It is a familiar principle of law that the courts will look behind the nominal parties of the record to determine their respective rights, but in this case, it is not necessary to do this, for in his answer to the rule, the use-plaintiff admits that he is acting for the Commonwealth Casualty Company who was the insurer of Abel, the co-defendant of Gomes.
The question is what are the rights of one who under such circumstances is seeking contribution? There can in such a case as this be subrogation where a judgment is recovered against one of two parties guilty of joint negligence and the party paying the judgment has a right to have the judgment marked to his use. Goldman v. Mitchell-Fletcher Co., 292 Pa. 354.
Can such judgment be enforced by capias? Appellant argues that the judgment purchased by it through its agent, Sperling, continues to have the same incidents as it had before its transfer and that it, as use-plaintiff, can employ all the remedies for its collection as were originally possessed by the legal plaintiffs. Ordinarily, this is true of the purchaser of a judgment. When, however, we analyze the present situation, we see that the right to recover contribution from the joint tort feasor is predicated upon the relation the other defendant bears to him. A co-defendant has a right to be relieved from the unjust position of paying the entire judgment recovered for the wrong done by both. This is an application of equitable principles. The legal plaintiffs have no claim, for they have been paid. The use-plaintiff takes their place, but to obtain contribution from the uninsured defendant, it must work out the scheme through the defendant on whose behalf under the contract of insurance it has paid the claim. It cannot be subrogated to a claim which does not exist in the co-defendant. As between the two defendants, the contribution is not a matter of recovery for a tort. It is a liability arising from an implied engagement to jointly contribute for the wrong done. It is a mere debt arising from an equitable duty, having none of the elements of a tort. "The right of the insurer against the person whose fault has caused the injury which was the basis of the loss was measured by the rights of the other against said person." John Wanamaker v. Otis Elevator Co., 228 N.Y. 192; 126 N.E. 718; 36 C.J. 1119; U.S. v. American Tobacco Co., 166 U.S. 468; Cooley Briefs on Insurance, 2nd Edition, Vol. 7, p. 6679. The use-plaintiff by acquiring the judgment of the plaintiffs received no greater right than the co-defendant would have, had he paid the judgment and it is confined to the remedies employed for the collection of an ordinary debt. It is hardly necessary to state that the Act of July 12, 1849, P.L. 339, abolishing imprisonment for debt provides that no defendant shall be arrested or imprisoned on any civil process for any money due upon any contract express or implied. The use-plaintiff exceeded its rights when it issued the capias.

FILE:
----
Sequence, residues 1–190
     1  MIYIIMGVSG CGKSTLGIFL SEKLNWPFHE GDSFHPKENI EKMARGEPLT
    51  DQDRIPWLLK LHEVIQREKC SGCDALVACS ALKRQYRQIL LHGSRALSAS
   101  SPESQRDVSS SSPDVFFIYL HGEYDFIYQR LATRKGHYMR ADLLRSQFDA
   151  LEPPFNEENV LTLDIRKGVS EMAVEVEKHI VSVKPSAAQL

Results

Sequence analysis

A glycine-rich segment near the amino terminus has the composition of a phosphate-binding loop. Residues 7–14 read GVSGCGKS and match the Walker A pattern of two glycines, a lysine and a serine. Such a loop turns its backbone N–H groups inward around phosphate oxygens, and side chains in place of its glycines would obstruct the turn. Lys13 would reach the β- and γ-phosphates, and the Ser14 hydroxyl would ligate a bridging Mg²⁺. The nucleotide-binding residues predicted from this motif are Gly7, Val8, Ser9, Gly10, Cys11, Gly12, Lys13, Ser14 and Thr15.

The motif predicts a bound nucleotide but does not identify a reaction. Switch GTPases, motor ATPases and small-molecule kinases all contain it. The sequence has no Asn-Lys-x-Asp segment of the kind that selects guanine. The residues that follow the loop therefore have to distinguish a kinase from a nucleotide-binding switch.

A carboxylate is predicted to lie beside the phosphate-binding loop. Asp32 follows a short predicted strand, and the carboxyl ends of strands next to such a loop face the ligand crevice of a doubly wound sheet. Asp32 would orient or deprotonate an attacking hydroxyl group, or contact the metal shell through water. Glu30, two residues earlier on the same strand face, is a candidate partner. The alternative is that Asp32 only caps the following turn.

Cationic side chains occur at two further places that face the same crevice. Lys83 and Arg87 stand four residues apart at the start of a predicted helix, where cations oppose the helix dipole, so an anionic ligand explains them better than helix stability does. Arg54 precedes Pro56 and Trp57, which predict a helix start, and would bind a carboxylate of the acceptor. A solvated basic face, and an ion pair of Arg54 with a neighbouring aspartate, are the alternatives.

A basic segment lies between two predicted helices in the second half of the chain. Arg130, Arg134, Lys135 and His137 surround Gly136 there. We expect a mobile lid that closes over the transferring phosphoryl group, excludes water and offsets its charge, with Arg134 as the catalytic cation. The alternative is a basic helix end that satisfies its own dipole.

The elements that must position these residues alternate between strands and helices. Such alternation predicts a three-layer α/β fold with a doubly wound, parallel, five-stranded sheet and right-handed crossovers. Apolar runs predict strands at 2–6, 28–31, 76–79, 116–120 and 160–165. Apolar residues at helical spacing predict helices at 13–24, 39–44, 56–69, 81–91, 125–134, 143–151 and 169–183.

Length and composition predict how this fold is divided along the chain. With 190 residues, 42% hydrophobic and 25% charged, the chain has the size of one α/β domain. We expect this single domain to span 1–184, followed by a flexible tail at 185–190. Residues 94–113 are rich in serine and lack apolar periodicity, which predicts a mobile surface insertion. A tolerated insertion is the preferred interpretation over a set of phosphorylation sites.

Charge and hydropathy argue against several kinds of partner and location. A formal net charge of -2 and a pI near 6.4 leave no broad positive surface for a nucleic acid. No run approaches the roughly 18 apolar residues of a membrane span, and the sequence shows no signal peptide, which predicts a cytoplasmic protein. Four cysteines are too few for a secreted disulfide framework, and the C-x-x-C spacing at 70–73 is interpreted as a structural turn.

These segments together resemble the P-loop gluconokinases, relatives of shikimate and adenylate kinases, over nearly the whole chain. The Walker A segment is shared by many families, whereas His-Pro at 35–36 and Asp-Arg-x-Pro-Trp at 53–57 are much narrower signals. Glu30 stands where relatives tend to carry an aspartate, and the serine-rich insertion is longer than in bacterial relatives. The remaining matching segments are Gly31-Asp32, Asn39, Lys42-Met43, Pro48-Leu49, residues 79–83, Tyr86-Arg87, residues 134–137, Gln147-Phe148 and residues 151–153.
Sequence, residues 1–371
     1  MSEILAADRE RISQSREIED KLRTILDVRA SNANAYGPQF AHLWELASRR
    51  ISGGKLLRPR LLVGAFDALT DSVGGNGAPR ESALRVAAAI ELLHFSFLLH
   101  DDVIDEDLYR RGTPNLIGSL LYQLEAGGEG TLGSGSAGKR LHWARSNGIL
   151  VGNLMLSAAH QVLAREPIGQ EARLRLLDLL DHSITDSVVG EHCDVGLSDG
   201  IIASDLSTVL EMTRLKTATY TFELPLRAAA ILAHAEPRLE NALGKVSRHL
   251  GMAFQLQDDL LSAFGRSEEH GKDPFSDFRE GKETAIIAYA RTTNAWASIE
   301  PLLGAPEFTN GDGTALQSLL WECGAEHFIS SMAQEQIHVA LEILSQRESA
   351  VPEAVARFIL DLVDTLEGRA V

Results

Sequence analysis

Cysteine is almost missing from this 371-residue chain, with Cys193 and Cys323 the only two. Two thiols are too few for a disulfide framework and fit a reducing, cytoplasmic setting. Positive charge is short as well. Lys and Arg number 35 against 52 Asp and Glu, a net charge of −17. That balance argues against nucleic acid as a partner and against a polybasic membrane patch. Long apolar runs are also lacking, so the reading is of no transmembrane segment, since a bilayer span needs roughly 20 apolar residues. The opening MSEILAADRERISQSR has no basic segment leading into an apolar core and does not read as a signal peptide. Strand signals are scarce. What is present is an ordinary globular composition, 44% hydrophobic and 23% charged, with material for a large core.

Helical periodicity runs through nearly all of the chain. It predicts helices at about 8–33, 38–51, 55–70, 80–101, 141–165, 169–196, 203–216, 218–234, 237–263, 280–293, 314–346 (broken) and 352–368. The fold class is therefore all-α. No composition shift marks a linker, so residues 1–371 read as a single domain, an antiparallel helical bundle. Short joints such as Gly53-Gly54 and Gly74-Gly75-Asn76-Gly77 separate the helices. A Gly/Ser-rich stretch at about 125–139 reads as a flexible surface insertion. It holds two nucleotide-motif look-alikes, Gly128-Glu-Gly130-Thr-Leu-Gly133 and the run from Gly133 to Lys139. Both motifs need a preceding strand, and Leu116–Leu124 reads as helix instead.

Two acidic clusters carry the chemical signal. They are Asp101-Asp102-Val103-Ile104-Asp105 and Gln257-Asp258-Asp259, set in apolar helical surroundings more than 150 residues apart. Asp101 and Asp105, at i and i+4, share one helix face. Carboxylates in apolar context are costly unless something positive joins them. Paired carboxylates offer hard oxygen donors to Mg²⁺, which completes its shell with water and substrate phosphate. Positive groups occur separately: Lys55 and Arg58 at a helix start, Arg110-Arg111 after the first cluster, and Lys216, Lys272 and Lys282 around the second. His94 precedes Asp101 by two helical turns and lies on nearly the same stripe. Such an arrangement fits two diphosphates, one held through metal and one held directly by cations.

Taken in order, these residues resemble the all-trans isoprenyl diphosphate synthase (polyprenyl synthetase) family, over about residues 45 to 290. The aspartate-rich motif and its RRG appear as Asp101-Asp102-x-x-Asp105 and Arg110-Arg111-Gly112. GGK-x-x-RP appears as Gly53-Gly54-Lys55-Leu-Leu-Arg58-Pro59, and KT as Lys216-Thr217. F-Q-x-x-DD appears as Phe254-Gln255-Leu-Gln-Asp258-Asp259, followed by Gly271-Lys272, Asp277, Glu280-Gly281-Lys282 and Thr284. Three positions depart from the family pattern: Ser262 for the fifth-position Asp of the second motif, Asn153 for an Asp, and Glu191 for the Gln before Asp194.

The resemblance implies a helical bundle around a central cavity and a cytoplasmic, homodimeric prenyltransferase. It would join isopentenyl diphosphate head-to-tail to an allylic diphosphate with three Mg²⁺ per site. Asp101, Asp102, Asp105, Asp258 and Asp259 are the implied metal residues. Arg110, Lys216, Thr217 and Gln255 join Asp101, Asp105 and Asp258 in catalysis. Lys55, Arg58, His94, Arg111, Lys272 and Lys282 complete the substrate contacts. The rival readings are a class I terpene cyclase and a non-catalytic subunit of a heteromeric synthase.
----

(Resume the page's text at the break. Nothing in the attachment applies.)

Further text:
The order of the lower court quashing the writ is affirmed.